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Amelia Jones

Amelia Jones*

Professor and Grierson Chair in Visual Culture

Amelia Jones practices a queer, anti-racist, feminist history and theory of twentieth- and twenty-first century Euro-American visual arts, including performance, film, video, and installation—articulated in relation to increasingly global frameworks.

Jones is the author of a number of books including Postmodernism and the En-Gendering of Marcel Duchamp (1994), and Body Art/Performing the Subject(1998), Irrational Modernism: A Neurasthenic History of New York Dada(1994), and Self-Image: Technology, Representation, and the Contemporary Subject (2006). This latter book expands on her work on body art, exploring the experience and understanding of the self in relation to performances of the body via technologies of representation from analogue photography to the Internet. It is linked to Jones's new research on the problematic of identity or identification in relation to visuality and Euro-American histories and practices of contemporary art and visual culture broadly construed; this latter interest finds its way into a number of articles published in journals from Art History to Parallax and The Drama Review and the book Seeing Differently: A History and Theory of Identification and the Visual Arts (2012). Seeing Differently offers a history and theory of ideas about identity in relation to visual arts discourses and practices in Euro-American culture, tracing the rise of identity politics in the mid-twentieth-century and critically examining debates in art discourse about "gaze theory," "post-identity" movements, and "multiculturalism."  The book covers case studies of art practices exploring aspects of how we identify in relation to visual images, and offers a new theory of how to think issues of identification in relation to visual culture. 

Jones has curated exhibitions, including Sexual Politics (1996, UCLA/Hammer Museum) and Material Traces: Time and the Gesture in Contemporary Art (2013, Leonard and Bina Ellen Gallery, Concordia University, Montreal). She has organized performance and creative events including Theorising Queer Visualities (2005), Faith and Identity in Contemporary Visual Culture (2006), and Fluid States: Trans- Montréal, for the Performance Studies International 2015. And she has edited volumes such Contemporary Art, 1945-2003 (2005) and Feminism and Visual Culture Reader (new edition, 2010), which collectively attempt to rethink standard chronologies and modes of thinking about areas of visual culture studies and art history by including voices previously marginalized, or otherwise not fully accounted for, in debates and histories of these fields. Strategically, as with Jones's curating and single-authored books, these aim to provide new ways of thinking histories of art and ideas that work in productive tension with existing dominant histories. This goal of (un)doing and/or rethinking art's histories (including the very structures through which these histories unfold and are institutionally embedded) is also reflected in the new series Jones is co-editing with Marsha Meskimmon at University of Manchester Press, entitled "Rethinking Art's Histories."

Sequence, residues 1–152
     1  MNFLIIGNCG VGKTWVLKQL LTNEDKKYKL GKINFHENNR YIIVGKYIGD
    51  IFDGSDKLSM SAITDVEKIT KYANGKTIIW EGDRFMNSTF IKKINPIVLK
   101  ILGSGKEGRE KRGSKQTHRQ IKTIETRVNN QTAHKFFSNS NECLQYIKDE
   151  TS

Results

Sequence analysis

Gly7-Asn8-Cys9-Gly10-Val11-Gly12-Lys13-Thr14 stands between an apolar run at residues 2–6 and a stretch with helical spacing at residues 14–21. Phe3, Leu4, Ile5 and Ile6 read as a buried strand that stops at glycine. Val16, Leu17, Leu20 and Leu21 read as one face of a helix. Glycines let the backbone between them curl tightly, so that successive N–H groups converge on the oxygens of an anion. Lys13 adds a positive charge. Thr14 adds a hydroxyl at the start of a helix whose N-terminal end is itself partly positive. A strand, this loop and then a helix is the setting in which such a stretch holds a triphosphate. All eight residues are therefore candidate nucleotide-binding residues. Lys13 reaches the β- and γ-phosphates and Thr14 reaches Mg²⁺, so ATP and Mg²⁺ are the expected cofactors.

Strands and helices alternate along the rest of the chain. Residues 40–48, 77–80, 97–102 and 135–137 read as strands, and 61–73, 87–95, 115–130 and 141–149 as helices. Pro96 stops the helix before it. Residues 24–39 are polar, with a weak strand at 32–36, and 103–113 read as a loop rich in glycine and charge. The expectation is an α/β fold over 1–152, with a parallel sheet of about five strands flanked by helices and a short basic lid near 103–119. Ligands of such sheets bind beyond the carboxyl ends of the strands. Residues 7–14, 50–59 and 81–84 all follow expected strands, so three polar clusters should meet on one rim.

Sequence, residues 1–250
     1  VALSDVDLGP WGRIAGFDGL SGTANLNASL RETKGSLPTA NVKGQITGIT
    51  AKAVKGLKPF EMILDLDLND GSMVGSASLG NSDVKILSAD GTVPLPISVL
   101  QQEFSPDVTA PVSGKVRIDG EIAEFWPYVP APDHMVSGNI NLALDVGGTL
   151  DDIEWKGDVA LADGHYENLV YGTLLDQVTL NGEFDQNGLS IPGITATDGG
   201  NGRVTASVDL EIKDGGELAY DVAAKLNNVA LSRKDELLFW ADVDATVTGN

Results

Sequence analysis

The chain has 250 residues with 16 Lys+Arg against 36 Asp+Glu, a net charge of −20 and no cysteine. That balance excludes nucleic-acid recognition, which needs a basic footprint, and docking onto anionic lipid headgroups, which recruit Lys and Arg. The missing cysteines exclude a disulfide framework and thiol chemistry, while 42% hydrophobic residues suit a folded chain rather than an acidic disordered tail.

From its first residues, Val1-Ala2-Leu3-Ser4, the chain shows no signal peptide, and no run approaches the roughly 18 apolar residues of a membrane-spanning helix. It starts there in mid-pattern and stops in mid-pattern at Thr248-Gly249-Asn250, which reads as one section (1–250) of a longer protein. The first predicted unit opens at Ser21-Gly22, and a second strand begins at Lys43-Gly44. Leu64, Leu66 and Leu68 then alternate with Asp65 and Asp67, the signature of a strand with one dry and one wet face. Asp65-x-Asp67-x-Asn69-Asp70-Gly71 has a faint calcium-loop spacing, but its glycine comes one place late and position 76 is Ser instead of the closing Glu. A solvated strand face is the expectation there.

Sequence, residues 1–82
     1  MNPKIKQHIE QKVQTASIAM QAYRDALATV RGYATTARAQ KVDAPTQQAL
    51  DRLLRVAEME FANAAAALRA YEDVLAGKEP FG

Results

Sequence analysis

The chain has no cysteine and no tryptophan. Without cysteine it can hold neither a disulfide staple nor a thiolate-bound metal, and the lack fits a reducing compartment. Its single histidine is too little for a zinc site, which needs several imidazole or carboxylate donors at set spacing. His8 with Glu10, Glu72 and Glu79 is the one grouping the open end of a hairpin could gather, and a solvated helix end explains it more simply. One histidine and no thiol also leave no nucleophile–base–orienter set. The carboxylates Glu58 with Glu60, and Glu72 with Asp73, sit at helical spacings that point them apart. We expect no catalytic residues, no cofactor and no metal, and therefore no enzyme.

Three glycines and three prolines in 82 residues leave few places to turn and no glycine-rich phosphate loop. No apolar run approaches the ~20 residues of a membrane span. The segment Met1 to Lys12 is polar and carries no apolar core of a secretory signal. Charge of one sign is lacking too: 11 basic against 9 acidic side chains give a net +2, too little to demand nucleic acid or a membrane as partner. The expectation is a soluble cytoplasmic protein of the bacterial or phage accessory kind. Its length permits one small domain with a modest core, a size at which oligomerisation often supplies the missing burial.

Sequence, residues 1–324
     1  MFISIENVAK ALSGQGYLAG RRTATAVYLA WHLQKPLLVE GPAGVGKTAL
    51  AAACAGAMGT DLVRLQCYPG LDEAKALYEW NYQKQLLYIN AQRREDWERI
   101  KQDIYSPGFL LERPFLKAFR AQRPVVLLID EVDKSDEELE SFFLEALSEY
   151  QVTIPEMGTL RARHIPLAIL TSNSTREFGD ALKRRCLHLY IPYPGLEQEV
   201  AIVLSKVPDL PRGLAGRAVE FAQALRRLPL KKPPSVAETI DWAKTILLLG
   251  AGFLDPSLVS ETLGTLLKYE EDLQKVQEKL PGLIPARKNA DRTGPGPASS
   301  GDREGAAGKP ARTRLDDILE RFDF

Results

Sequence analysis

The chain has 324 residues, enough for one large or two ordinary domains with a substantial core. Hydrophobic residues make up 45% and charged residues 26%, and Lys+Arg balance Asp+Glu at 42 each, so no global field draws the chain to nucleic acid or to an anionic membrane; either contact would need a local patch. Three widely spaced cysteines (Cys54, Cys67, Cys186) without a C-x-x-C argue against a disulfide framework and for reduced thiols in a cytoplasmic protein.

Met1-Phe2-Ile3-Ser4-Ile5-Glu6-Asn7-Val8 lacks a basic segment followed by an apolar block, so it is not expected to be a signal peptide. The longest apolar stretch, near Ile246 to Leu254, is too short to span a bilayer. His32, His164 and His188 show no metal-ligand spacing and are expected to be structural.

Jones's research is also at the forefront of the surge of interest in retrieving histories of feminist art and histories of performance or live art practices from the 1960s and 1970s. She has published major essays on feminist curatorial practices as well as an article on  Marina Abramović's recent projects re-enacting body art works from the past and staging herself as an artwork (in The Drama Review, Spring 2011).  Her new book, co-edited with Adrian Heathfield, Perform Repeat Record: Live Art in History (Intellect Press, 2012) includes a range of primary documents, artist's projects, and academic articles examining the issues surrounding historicizing ephemeral, live art practices. 

Jones's teaching presents canonical as well as marginal practices across twentieth- and twenty-first century cultural practices, seeking to present contingent histories of art, performance, and visual culture and their discursive and theoretical frameworks. Jones's courses integrate intellectual histories of various modes of critical thought, including those articulated through art practice and criticism, philosophy, and identity politics (among others). These courses are suited to both art history specialists/majors and those interested in these issues coming from other disciplines such as architecture and urban planning, gender and sexuality studies, history, philosophy, and comparative literature.

Jones welcomes in particular inquiries from any potential graduate students interested in these approaches and areas of research—or in other areas that might push her to think otherwise.

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The photograph is of Amelia Jones being interviewed at the Centre Pompidou Elles! exhibition (photograph courtesy Paul C. Donald, © 2009).